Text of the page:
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The Scottish Parliament does not have the power to call a second independence referendum in the country, the Supreme Court has said.
The unanimous ruling from the UK’s top judges said, despite demands from the SNP for a fresh vote, the country’s government would need approval from the government in Westminster before going ahead.
First Minister Nicola Sturgeon had proposed a second referendum – dubbed Indyref2 – for 19 October 2023.
But she had also warned she would use the next general election as an informal referendum if the court ruled against her plan.
Politics live: Reaction following IndyRef2 ruling
Tweeting after the ruling was made, the first minister said while she was “disappointed”, she respected the ruling, adding the Supreme Court “doesn’t make law, only interprets it”.
Ms Sturgeon added: “A law that doesn’t allow Scotland to choose our own future without Westminster consent exposes as myth any notion of the UK as a voluntary partnership and makes [the] case for independence.
“Scottish democracy will not be denied. Today’s ruling blocks one route to Scotland’s voice being heard on independence – but in a democracy our voice cannot and will not be silenced.”
But Scottish Labour leader Anas Sarwar said now the ruling is done, “we must focus on the problems facing our country, from rising bills to the crisis in our NHS”.
“There is not a majority in Scotland for a referendum or independence, neither is there a majority for the status quo.
“One thing is clear – there is a majority in Scotland and across the UK for change. A Labour government will deliver that change.”
Scotland held an independence referendum in 2014 and just over 55% voted to remain part of the UK.
But the pro-independence SNP, which has led the country since 2007, believes it has a mandate to hold a fresh vote because of its continued success in elections – the majority of members in the Scottish Parliament back independence – and because of the change in circumstances since Brexit.
Ms Sturgeon began her attempts to get approval for a new referendum in 2017 by asking then-prime minister Theresa May for a Section 30 order, which is used to increase or restrict, permanently or temporarily, the Scottish Parliament’s legislative authority – and was used to temporarily legislate for the first referendum.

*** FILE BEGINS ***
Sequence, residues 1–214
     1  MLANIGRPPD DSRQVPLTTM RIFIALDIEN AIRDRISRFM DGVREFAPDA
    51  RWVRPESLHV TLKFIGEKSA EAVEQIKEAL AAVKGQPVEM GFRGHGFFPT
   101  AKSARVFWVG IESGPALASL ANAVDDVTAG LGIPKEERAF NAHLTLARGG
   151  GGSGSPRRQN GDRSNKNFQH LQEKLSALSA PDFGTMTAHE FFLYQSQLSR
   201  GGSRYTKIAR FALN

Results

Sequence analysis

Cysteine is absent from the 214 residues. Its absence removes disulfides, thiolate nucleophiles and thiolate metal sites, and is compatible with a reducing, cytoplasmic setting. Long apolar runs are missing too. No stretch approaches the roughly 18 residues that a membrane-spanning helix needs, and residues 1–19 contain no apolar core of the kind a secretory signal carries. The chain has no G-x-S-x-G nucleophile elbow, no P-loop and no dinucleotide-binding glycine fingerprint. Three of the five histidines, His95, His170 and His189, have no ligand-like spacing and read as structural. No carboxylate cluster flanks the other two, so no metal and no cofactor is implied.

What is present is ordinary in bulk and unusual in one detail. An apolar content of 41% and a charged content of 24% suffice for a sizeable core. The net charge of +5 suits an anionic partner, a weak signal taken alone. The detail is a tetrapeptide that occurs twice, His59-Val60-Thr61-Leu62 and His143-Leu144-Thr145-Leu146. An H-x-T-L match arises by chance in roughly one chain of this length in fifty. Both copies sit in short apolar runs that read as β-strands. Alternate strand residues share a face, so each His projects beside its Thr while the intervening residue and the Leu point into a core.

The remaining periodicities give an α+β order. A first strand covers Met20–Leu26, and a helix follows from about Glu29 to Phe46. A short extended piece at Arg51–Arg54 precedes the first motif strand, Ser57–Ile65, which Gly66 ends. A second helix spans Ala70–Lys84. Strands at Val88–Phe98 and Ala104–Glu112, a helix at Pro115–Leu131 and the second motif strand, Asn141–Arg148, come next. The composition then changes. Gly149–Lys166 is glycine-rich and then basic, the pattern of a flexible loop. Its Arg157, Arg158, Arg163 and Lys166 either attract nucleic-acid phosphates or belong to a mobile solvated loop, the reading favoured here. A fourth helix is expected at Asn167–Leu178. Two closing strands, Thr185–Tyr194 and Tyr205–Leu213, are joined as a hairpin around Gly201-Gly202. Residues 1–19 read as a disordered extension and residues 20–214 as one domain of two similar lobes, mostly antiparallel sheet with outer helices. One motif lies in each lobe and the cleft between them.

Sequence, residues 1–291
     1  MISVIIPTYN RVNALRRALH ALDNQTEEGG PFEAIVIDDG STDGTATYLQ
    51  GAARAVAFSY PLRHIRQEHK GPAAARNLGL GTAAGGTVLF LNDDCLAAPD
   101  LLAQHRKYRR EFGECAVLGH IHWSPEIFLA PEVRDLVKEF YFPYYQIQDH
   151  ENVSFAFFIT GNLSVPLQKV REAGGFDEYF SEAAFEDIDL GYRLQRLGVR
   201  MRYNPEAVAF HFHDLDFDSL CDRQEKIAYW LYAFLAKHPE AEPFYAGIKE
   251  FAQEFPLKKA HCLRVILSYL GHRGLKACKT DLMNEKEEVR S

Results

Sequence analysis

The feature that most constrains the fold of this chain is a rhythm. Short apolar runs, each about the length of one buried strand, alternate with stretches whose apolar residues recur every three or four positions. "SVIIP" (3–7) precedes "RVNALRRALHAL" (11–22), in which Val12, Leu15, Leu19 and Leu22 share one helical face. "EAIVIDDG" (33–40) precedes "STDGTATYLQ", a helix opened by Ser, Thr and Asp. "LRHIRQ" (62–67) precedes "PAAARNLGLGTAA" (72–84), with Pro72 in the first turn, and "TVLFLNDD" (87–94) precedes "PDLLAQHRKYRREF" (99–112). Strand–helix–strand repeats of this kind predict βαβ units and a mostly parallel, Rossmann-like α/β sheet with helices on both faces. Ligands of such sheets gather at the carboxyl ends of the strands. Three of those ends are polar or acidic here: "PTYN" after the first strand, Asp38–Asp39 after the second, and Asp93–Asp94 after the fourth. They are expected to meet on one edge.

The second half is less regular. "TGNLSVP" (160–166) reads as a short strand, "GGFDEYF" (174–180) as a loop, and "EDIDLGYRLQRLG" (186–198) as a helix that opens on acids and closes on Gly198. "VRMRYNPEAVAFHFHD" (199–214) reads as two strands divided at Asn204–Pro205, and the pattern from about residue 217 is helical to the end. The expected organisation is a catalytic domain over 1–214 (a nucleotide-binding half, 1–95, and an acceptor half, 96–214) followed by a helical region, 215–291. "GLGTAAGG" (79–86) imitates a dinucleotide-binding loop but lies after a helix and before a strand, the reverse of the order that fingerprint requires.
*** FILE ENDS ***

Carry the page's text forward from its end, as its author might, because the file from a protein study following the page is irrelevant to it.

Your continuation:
But she and subsequent UK PMs have refused, leading to today’s court case on whether the Scottish Parliament could pass a bill to hold a referendum without the nod from Westminster.
Announcing the ruling, the court’s president, Lord Reed, said legislation for a second vote would relate to “reserved matters”, making it outside the powers of Holyrood.
“A lawfully-held referendum would have important political consequences in relation to the Union and the United Kingdom Parliament,” he said.
“It would either strengthen or weaken the democratic legitimacy of the Union and of the United Kingdom Parliament’s sovereignty over Scotland, depending on which view prevailed, and would either support or undermine the democratic credentials of the independence movement.
“It is therefore clear that the proposed bill has more than a loose or consequential connection with the reserved matters of the Union of Scotland and England, and the sovereignty of the United Kingdom Parliament.”
This is a blow for Sturgeon – Analysis by Connor Gillies, Scotland correspondent
This is a major blow for Nicola Sturgeon’s ambition to hold a second independence vote next October. It almost certainly rules out that plan.
But it’s not entirely surprising as the First Minister’s own top law officer wasn’t fully convinced of the legal basis for Holyrood legislating for a referendum against Westminster’s approval. That is why the Supreme Court got involved.
Indy campaigners will not be deflated at this ruling.
They are likely to see this as a stumbling block as they now pivot to Plan B which is using the next General Election as a defacto independence vote.
This will mean more rough and tumble of political back and forward. Opposition politicians will boycott.
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Lord Reed also said the panel of judges did not accept the SNP’s argument about the “right to self determination” in international law.
The party had cited rulings in the Canadian Supreme Court and the International Court of Justice – namely over Quebec’s own independence referendums in 1980 and 1995.
But the leading justice said such an international law only exists in situations “of former colonies, or where a people is oppressed… or where a definable group is denied meaningful access to government”.
“The court found that Quebec did not meet the threshold of a colonial people or an oppressed people, nor could it be suggested that Quebecers were denied meaningful access to government to pursue their political, economic, cultural and social development,” he said.
“The same is true of Scotland and the people of Scotland.”
SNP MPs took to social media to express the upset at the decision, with Dave Doogan tweeting: “In the eyes of the people of Scotland, there is NOTHING settled about the current constitutional arrangement.
“The people will decide, and Scotland will become independent.”
But former Scottish Tory leader Baroness Davidson welcomed the “unanimity and clarity” of the court.
“No doubt the SNP will try to leverage this ruling for further grievance,” she wrote. “If only the huge effort, capacity and resource spent bidding to rerun the original vote had been put into health, education and the economy.”
Indyref2 cannot go ahead without UK parliament permission, court rules | Politics News
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